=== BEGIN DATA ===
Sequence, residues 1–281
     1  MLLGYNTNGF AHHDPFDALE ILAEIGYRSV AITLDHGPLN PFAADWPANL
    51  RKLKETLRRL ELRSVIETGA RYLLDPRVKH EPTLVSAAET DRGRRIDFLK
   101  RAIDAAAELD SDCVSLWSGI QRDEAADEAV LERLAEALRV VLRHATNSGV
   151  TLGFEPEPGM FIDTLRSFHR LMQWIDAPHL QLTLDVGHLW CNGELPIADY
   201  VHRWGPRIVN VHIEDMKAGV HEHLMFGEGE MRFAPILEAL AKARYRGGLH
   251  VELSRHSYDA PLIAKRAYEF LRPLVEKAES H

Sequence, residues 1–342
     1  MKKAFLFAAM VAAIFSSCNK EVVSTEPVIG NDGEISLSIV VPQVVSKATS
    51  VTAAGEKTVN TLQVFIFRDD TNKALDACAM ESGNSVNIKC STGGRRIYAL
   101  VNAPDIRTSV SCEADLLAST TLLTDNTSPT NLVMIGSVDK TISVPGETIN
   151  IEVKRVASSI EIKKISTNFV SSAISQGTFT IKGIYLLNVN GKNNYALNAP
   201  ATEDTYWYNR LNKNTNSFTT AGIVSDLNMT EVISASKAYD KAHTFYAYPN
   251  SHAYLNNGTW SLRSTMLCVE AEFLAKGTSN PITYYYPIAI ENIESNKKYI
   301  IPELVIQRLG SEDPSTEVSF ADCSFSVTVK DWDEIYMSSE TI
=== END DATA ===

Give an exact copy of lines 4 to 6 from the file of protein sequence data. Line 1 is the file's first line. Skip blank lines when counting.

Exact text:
   101  RAIDAAAELD SDCVSLWSGI QRDEAADEAV LERLAEALRV VLRHATNSGV
   151  TLGFEPEPGM FIDTLRSFHR LMQWIDAPHL QLTLDVGHLW CNGELPIADY
   201  VHRWGPRIVN VHIEDMKAGV HEHLMFGEGE MRFAPILEAL AKARYRGGLH